|Title||The effects of trust in virtual strategic-alliance performance outcomes|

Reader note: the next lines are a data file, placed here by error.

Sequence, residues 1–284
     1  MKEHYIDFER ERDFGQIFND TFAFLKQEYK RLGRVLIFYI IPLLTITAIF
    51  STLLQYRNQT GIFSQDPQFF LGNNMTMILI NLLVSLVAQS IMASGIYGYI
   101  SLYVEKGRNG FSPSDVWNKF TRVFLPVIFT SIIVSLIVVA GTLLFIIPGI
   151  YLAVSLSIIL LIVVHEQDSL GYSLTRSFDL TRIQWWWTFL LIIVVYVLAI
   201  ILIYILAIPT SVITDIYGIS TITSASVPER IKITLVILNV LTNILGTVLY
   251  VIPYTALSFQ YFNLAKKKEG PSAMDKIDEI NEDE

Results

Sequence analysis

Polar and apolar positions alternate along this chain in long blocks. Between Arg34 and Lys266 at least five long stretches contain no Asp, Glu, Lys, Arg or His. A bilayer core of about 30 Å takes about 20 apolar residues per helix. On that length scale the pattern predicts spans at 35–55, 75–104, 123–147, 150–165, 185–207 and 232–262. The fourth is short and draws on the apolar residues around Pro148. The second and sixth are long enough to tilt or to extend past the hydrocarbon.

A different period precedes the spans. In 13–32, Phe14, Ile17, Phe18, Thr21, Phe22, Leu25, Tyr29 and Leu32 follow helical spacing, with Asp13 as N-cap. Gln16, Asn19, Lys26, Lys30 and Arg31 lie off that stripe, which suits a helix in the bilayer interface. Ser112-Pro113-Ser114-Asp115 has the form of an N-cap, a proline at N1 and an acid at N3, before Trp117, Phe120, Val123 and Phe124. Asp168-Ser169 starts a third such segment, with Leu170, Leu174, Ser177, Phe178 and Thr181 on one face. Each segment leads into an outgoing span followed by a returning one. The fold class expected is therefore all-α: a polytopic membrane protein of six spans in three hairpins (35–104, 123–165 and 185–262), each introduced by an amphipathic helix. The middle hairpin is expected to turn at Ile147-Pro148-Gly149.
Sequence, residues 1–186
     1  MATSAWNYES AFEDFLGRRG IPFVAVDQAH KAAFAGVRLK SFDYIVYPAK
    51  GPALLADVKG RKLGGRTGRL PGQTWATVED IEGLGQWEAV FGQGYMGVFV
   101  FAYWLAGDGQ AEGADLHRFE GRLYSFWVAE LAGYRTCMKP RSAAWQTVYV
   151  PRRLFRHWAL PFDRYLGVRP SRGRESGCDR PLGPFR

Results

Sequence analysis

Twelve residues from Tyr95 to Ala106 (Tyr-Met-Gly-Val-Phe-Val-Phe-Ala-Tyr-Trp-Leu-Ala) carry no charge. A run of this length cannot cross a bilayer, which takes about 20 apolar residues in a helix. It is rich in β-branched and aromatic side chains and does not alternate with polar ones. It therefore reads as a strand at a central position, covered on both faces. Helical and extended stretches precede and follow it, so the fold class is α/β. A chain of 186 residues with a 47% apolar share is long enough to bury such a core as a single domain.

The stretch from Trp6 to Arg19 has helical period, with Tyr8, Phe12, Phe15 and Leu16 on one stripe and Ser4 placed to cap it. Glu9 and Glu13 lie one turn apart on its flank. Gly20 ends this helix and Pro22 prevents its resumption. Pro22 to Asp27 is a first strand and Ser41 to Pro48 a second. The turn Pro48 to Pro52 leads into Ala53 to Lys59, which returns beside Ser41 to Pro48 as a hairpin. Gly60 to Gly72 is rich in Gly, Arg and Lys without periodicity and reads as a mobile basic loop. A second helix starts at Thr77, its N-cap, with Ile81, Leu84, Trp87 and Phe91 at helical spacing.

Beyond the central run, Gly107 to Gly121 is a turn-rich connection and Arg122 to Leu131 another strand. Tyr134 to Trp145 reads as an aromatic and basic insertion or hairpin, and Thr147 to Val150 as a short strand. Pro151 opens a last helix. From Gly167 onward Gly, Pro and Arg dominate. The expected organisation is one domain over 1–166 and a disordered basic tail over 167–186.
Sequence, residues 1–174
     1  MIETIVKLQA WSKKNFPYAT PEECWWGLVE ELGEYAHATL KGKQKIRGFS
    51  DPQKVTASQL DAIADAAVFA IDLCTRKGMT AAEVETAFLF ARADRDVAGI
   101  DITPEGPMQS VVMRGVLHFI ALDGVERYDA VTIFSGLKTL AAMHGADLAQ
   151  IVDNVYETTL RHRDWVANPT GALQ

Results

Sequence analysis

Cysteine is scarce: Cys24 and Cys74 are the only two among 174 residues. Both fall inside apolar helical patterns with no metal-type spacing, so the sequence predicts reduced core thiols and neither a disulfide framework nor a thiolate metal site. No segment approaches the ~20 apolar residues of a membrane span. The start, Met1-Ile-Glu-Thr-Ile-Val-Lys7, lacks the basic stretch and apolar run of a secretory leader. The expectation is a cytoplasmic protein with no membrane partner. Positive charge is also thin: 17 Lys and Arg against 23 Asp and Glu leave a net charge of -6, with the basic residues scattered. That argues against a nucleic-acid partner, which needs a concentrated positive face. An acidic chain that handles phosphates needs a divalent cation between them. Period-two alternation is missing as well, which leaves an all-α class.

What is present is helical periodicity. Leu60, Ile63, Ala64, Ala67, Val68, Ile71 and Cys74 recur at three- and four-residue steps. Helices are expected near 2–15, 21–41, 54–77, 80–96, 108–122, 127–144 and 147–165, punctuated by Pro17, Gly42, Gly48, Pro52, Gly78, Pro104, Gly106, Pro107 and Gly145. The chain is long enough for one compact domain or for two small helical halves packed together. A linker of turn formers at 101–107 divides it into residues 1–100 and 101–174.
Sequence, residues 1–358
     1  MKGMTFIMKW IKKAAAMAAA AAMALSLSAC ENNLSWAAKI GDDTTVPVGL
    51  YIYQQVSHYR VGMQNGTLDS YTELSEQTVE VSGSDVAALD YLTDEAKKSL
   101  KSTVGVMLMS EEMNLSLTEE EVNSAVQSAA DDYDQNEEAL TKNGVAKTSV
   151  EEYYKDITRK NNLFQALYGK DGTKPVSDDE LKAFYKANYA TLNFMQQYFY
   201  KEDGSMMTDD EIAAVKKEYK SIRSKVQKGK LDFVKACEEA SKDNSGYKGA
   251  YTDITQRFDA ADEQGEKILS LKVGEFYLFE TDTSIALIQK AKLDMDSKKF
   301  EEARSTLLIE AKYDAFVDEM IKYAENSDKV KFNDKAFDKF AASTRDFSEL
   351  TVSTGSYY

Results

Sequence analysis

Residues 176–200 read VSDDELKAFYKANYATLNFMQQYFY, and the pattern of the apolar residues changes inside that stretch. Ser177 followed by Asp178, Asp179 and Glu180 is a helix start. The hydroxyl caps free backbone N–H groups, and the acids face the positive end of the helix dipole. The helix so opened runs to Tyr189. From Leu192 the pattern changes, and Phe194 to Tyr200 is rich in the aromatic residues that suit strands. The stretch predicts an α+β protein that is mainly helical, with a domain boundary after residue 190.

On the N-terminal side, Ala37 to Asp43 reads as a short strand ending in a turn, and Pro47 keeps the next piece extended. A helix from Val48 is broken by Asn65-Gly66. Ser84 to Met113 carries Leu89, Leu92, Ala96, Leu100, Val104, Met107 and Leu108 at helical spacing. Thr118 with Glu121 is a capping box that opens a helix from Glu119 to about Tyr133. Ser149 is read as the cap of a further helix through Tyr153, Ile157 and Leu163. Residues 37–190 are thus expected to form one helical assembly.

Outsourcing increases supported by technology have led to the formation of virtual strategic partnerships. Historically, 70% to 75% of alliance partnerships fail because members are often competitors outside the alliance network. To address alliance failure, a Delphi Study was conducted to identify the role of trust and alliance performance outcomes in the areas of contractual and management control, resource sharing, and network flexibility for the successful development of partnerships within the meeting and events industry. A three-round Delphi Study consisting of 15 expert panelists provided robust data that support the importance of trust as creating a platform of respect, increased partner cooperation, and understanding among stakeholders. The study’s purpose was to address the influence of trust on performance outcomes using the Delphi method. The thematic finding of this Delphi Study is that, in general, leadership-based practices had a greater influence on virtual strategic alliance performance than trust-based practices. Findings support a contingency approach to create a platform of respect, alliance vision, clear roles, and partner expectations to build trust. A majority of the expert panel included trust as a contributor to the collective performance of the alliance when alliance members work as a team to meet or exceed individual member’s goals and net profit objectives.
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